Voice Coil August 2013
The directory of OEM Voice Coil suppliers Voice Coil’s August issue (p.14) included incorrect information. Chen Hong Industrial does not supply voice coils to Italian pro sound driver manufacturer RCF. RCF has never done business with Chen Hong Industrial. Our apologies to RCF!
audioXpress July 2013
Figure 2 and Figure 3 published on p. 37 of Vance Dickason's Test Bench column (audioXpress July 2013) were incorrect. The two figures, part of his review of the Beston Technology RT004A ribbon tweeter, appear correctly below.
audioXpress June 2013
An incorrect biography for audioXpress contributor Ron Tipton was published on p. 44 of the June 2013 issue. His correct biography appears here: Ron Tipton has degrees in electrical engineering from New Mexico State University and is retired from an engineering position at White Sands Missile Range. In 1957 he started Testronic Development Laboratory (now TDL Technology, Inc.) to develop audio electronics. During the 1960s and 70s, TDL built active filters and pseudo-random noise generators for well known companies such as Bose Corp. and Acoustic Research. He also designed several audio products for GMS, Inc., a contractor to the Baldwin Piano and Organ Co. He is still the TDL president and principal designer.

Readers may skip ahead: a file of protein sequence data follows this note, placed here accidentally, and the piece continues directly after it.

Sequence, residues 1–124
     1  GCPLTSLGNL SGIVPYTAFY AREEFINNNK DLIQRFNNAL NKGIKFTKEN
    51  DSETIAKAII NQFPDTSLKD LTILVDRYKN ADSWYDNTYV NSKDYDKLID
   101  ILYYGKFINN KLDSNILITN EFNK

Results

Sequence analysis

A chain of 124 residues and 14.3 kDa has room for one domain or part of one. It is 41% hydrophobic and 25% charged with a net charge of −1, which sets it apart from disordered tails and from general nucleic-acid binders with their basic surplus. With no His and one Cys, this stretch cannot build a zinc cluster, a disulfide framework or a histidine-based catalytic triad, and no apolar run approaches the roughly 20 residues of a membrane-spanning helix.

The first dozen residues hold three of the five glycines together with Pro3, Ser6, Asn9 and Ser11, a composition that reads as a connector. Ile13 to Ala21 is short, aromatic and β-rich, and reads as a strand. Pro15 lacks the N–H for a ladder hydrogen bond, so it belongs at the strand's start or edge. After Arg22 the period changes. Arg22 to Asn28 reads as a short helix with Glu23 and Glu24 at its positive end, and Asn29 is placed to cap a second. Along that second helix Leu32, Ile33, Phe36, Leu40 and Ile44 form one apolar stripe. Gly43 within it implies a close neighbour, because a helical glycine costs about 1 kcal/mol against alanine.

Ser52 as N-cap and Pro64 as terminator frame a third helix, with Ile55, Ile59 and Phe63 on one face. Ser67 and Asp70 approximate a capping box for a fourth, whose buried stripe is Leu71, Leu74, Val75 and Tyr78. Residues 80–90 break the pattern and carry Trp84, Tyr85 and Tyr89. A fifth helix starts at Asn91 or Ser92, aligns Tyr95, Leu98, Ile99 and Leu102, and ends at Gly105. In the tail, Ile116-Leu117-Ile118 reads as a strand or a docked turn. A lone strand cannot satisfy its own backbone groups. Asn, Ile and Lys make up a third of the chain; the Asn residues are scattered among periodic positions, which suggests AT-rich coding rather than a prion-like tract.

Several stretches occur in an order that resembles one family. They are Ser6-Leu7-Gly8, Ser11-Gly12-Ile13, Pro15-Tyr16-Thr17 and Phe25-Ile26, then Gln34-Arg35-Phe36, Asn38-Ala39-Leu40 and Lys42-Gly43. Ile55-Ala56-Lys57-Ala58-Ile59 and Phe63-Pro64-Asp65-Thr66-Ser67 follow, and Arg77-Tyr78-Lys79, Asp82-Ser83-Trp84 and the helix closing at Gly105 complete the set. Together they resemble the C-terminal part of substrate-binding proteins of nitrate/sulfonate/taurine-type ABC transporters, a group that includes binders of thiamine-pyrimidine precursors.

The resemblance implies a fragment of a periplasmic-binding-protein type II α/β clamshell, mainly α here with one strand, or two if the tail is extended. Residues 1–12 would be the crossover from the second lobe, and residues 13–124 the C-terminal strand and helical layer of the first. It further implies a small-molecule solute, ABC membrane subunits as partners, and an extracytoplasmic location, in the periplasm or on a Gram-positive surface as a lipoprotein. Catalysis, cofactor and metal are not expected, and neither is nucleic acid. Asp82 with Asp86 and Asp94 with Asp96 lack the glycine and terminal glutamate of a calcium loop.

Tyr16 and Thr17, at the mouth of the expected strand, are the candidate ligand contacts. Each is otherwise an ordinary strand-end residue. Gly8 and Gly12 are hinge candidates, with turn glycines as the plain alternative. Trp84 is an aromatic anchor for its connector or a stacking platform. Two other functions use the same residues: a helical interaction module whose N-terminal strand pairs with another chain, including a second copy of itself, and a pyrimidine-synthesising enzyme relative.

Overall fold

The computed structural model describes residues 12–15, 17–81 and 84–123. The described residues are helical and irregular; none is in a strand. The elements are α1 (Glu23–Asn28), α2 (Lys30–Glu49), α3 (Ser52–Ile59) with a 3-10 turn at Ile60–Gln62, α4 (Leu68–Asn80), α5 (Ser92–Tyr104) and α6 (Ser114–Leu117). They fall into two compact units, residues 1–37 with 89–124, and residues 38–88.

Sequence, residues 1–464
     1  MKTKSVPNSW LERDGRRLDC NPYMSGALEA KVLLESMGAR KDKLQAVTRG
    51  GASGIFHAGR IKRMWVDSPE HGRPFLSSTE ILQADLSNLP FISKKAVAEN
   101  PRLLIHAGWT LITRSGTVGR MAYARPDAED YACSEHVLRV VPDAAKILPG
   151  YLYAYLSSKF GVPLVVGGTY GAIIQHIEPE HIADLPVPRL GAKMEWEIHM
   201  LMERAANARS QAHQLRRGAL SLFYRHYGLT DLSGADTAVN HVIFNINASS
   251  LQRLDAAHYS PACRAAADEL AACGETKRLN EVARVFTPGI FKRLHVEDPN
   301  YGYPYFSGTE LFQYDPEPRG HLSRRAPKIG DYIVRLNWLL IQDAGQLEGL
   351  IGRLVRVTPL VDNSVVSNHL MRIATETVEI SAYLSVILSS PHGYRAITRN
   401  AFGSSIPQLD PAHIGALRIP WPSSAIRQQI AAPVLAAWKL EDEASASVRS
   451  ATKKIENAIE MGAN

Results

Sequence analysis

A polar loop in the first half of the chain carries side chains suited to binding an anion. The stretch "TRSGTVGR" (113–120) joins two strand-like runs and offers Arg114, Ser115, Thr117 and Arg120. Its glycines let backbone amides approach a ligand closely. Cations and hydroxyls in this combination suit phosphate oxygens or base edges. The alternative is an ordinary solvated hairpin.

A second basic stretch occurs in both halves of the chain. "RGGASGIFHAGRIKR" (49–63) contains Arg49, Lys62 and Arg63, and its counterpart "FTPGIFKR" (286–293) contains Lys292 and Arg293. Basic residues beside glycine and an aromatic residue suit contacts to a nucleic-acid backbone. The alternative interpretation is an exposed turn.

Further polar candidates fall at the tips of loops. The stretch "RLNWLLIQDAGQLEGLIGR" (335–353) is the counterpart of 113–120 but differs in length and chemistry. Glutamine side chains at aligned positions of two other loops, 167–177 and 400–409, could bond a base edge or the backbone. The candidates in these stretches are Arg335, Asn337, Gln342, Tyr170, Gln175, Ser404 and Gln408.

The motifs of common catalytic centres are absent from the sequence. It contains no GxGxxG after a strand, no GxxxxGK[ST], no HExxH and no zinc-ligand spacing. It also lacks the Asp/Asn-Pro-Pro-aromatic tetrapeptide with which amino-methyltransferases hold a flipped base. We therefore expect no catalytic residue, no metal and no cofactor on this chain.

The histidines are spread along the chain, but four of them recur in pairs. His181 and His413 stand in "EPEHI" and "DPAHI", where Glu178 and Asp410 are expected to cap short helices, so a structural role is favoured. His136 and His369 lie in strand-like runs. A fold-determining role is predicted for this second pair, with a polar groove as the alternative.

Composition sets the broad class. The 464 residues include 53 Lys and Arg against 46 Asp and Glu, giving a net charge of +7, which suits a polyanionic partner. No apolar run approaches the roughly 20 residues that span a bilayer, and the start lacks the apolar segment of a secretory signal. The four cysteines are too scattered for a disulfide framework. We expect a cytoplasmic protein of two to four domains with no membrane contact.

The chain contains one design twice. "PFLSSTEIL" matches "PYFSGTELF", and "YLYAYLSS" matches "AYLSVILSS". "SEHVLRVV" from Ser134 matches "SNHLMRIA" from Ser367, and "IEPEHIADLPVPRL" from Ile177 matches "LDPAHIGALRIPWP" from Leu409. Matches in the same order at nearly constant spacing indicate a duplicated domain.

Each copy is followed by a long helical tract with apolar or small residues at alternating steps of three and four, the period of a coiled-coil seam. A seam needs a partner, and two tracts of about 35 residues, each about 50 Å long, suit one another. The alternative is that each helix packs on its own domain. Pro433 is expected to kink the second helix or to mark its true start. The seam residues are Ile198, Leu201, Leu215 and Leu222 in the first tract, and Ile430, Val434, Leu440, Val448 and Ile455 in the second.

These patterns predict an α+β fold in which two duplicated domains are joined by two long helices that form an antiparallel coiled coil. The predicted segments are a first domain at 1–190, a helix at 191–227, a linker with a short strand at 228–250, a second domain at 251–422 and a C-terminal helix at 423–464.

Voice Coil March 2013
In Voice Coil’s Test Bench section (p. 20), the review on Tang Band’s T1-1942S incorrectly listed the company’s website. The correct website is www.tb-speaker.com.
audioXpress May 2013
In Bruce Heran's article titled "Poddwatt Series II Stereo Integrated Valve Amplifier," published in the May 2013 issue of audioXpress, an error appears in the main schematic on Page 18. Here is the corrected schematic.